And here's where I finished for tonight, tomorrow I'll machine off the back edge, drill/tap the 10 BA holes and now that I think I understand the final shape I'll machine down the areas where said 10 BA holes go leaving 5/64 depth for the thread followed by parting them into separate entities. I will then move on to the shields which will probably require a small pattern to shape over. I have a plan here to make this easier which will involve a small modification to the body, I'll see how it looks tomorrow..
OK, so I'd like to begin by thanking those who helped me find more details on this sandtrap, I'm pretty confident to say that no way could anyone build this by Don's 'words and music' alone unless they were familiar with the parts concerned. The eureka moment occurred when I found this image for the sand trap off 'Patriot' when everything clicked into place. NB: I re-posted this image just to keep the story straight for the other forums...
Having now realised that there are 4 mounting tabs, two for the sand pipe and two for the shield (Don's words make a little more sense now) I took a closer look at what I had already done and was happy to see that I could still use it for the real shape. I decided as a first step to plot and mark the 4 hole centres, the picture shows the pipe flange holes being marked first which is the lower tabs.
I then did the top holes which hold the shield, for this the part was put back in the tilting vice and reset at 30 degrees. For all four holes, I drilled to a depth of 1.4 mm not wanting to drill too deep and damage the tabs below.
next job was to machine the back off to leave just a small amount of the recess that the other part will fit into. I nearly cocked up here, you can see where I have begun to separate them by the cut, much better to machine the back off first to keep them the same.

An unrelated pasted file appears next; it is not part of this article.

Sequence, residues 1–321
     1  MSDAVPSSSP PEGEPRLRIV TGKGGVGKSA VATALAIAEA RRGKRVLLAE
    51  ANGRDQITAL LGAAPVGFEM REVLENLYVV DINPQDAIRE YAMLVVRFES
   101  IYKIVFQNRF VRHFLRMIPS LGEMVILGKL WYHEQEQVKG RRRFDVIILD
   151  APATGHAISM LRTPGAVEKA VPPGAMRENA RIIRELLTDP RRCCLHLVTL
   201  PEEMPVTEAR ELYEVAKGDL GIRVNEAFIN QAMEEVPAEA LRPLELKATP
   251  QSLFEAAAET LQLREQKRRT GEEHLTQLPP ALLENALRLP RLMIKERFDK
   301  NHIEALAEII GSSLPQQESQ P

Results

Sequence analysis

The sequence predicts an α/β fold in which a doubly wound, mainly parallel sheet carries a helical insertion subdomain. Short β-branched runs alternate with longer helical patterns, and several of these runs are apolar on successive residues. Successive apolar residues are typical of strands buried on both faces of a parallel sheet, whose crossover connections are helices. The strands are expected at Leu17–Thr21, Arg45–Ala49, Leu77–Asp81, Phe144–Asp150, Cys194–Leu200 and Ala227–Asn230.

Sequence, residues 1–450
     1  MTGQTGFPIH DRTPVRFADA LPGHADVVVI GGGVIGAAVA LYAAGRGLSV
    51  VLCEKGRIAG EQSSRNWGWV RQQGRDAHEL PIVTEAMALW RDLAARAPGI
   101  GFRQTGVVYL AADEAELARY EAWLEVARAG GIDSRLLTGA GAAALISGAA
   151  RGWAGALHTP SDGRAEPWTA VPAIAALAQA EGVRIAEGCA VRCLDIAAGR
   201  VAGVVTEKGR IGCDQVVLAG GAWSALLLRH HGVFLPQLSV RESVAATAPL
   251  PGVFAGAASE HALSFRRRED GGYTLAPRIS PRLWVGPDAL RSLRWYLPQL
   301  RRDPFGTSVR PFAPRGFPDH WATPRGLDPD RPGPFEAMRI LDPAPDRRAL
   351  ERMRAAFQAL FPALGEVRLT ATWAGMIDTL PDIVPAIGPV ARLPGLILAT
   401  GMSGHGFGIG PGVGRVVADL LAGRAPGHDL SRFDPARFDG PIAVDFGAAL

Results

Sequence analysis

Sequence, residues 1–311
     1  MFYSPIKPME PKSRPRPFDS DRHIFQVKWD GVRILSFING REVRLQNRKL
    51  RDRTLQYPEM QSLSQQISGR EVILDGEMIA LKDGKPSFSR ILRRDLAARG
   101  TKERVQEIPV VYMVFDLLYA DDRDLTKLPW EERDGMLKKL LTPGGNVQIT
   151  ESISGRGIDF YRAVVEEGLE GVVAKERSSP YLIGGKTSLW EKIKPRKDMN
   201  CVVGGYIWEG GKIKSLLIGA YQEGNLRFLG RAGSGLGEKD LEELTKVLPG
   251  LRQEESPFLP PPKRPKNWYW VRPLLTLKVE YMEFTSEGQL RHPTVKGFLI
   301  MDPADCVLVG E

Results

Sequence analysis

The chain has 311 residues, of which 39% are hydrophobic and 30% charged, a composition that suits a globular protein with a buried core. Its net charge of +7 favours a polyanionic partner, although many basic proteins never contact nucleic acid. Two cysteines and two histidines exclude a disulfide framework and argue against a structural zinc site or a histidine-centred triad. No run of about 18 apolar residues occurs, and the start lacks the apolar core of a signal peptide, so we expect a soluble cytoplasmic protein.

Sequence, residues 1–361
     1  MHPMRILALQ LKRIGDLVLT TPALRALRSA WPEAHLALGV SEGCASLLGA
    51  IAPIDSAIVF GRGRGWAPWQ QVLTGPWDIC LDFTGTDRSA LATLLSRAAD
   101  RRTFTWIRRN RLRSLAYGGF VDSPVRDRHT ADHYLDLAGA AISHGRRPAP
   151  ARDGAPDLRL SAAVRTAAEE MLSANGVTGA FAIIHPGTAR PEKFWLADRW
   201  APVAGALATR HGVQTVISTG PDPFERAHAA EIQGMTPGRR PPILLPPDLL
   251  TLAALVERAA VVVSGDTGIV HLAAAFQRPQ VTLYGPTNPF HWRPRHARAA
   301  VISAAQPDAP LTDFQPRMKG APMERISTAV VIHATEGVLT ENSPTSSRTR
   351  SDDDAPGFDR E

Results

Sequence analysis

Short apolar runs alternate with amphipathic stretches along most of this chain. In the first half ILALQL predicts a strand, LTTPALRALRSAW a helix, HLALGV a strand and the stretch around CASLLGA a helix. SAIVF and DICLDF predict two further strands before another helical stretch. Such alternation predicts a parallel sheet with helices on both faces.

Thus I now have the two parts still very much rough and ready to set up for some tricky machining to split the tabs to match full size as seen in the first picture for tonight...
I've only taken the one (poor) picture to show the tabs split, this was done with a 1 mm cutter. Machining the base first, removing the rear part and then the angled top tabs. With that done I then removed some of the excess material around the tabs and also the metal that was left in between. I have left the front of the lower tab as that's angled into the front face in Don's drawing, however, I may remove this and match the photo from Patriot. After taking this picture I removed the part ready for doing the other one and then the 'carpet monster' struck, would you believe that it took me 3 hours to find the damn thing and I had pulled everything out looking, well it is only 14 x 6 mm but you'd have thought big enough to find quickly...lol
The result of the sneak attack meant I didn't get as much done as I had hoped, I gave up for a while and began profiling the other one. This last picture shows how far I got, the rear of the tabs are near to the size, I will remove more from the front area to get them as small as possible after getting the second one to the same stage, I'll then finish the profiling which I suspect will take me some time. The shield tabs are going to be pretty small but as they hold no weight I'm sure that they will be up to the job in hand. The sand pipe tabs are about twice the size so will have more meat around them, all are tapped 10 BA. Note that the main flange has had its holes transferred to the sandboxes ready for fitting when finished.